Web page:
The skewered LC outlook comes straight from the theology of Paradise Lost (a non-Catholic theology). Adam marvels at the magnificent good--i.e., Christ--that will come from his sin:

"Full of doubt I stand,
Whether I should repent me now of sin
Done by me or occasioned, or rejoice
Much more that much more good thereof shall spring."

SS--this gives a paradoxical genius to Milton that he deserves. It's not a mistake, as we have seen.

When we sin; we tend to rationalize that some good will and ought to come of it because God is soooo good.

If we but knew it in the moment, we might recognize that we were tempting God Himself.

Since we don't--well, we behave like the righteous sinner, who rationalizes his own weaknesses by reasoning that those weaknesses must be chalked up to Providence.

His virtue is in recognizing this--and therein lies his participation in his own redemption.

Plus a pat on the back--thank you very much--for recognizing the complicated configuration of salvation.

It's a trap, of course. And because it's so comfortable, many LC and RC members persist in lying in their beds.

Love Christ,

Not only in case studies, but team leaders and spiritual guides would be encouraged to present difficult cases at their meetings. Of course, it was "anonymous" but the reality is that with the details given, a person would have to have been pretty clueless not to have known who was being discussed. Your information given in spiritual direction and team dialogue was not as private as you might have thought.

But it was for the good of souls, and that is what mattered...or so we were told.

Our Section Formation Director was on my team and a close friend. She was a master at twisting a case to suite what ever was needed in our section. Even our resolutions would revolve around what was going on in the Section at the time. There was never any room for the Holy Spirit. They manipulated the outcome to fit whatever was needed. This was widely practiced in many situations. I was even told by my Spiritual Director that I should have a resolution in mind and pick my meditation materials to match the night before.

The Temptation of Maciel:

"What is it that you ask?"

"I ask why I hurt so much."

"You know the answer to that question. Tell me."

"I hurt because they tortured me."

"Why did they torture you?"

"They tortured me because I was helpless."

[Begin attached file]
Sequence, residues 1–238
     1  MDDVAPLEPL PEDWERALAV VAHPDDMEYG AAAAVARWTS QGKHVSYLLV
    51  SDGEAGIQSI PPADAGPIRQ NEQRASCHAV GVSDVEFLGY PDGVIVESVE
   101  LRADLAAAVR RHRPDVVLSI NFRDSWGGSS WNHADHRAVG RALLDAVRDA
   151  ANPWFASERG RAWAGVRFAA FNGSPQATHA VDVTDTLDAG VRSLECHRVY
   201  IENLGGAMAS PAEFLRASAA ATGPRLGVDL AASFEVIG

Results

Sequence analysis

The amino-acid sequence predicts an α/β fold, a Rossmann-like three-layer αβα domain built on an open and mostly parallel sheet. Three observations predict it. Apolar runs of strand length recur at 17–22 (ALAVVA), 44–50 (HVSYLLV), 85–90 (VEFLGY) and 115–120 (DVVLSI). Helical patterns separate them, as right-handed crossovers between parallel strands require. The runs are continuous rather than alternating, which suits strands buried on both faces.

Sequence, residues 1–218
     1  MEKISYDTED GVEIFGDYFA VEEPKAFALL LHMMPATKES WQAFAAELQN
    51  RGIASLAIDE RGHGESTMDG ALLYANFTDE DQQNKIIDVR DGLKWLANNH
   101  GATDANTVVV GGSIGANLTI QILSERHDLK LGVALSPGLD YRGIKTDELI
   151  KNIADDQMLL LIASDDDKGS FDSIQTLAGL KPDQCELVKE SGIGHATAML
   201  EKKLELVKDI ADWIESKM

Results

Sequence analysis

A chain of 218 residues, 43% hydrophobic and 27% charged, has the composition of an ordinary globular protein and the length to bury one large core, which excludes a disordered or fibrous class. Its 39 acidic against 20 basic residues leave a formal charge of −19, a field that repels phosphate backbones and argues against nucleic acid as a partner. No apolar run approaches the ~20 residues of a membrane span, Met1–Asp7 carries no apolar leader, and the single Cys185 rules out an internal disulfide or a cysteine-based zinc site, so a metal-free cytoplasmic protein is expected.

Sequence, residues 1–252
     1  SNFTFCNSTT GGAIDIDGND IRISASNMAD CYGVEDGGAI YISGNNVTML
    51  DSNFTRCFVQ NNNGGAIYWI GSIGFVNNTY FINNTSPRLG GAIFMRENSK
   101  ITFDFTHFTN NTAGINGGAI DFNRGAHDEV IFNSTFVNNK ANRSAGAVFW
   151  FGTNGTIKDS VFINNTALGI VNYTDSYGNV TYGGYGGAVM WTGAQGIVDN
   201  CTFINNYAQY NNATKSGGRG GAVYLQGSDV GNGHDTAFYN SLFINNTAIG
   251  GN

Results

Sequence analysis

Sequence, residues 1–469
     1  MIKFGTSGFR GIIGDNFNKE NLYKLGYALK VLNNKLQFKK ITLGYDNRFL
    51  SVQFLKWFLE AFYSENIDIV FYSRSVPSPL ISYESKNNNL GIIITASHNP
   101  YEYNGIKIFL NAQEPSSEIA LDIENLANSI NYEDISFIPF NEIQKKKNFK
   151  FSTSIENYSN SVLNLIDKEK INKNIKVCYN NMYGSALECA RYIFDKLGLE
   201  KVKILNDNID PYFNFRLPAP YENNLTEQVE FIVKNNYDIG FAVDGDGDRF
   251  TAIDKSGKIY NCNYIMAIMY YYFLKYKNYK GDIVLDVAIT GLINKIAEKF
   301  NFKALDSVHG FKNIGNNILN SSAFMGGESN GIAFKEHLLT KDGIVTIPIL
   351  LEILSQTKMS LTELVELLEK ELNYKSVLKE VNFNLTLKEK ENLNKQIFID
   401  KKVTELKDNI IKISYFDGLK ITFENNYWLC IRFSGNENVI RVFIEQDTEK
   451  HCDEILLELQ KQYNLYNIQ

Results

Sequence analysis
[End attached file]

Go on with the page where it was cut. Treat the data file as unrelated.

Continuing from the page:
"If you were not helpless, would you have been tortured?"

"No."

"So, your helplessness offered the foundation of suffering, no?"

"Yes."

"So, if helplessness could be eradicated, then suffering would cease?"

"Yes."

"What would you then?"

"I would make it so people could not be hurt."

"How would you do that?"

"I would offer a system. Everyone would agree to the rules and if they followed the rules, everyone would be happy."

"Good. There are systems. Their failure is not a matter of method. It's a matter of their goals. So long as your goal is good, your method will not be questioned."

"But the method exists to achieve the good, right?"

"Yes. Never forget that--so long as you adhere to the method, you can do no wrong."

"What shall I do?"

"Do as I say . . ."

Quick question: what exactly is this "case study" thing you're all talking about, in a nutshell? Was it a routine part of every meeting? It sounds bizarre.

MRA: In a nutshell...

The case study constitutes a portion of a weekly meeting called Encounter With Christ, originally copied by Nuestro Fraude from Opus Dei, and "improved" by maciel to make it an effective recourse for manipulation of members.

During the Case Study, (which follows Gospel reading and reflection, and going over the commitments to find out who was and who wasn't faithful to their regnum commitments), team members each present a synopsis of a "real life case" to be analyzed and discussed.

Team members vote for their favorite case, and then they go into three stages: SEE, JUDGE, and ACT. They discuss the case and at the end they agree on a new "commitment" or course of action illuminated by the case and its discussion for that week.

Dilbert,
I am so very sad to find out your daughter is ??? Consecreted in R/C.
I promise to pray for her that she will be set free.

I have not followed your story but could you get a good Priest to talk to her next time she is home.
How long has she been involved and how old is she.

How did/do RC Sections choose the sequence of gospel readings for their "Encounters with Christ"? Are they willy-nilly? Do they follow the liturgical calendar? Just curious.

The Gospel for the upcoming Sunday. Now that you mention it, that means we've already nailed in our RC spin, so no matter what the homelist offers, we're all set. And the Liturgy only provides a backdrop and impetus for our established plan of action. We were so duped -- and I'm still learning how!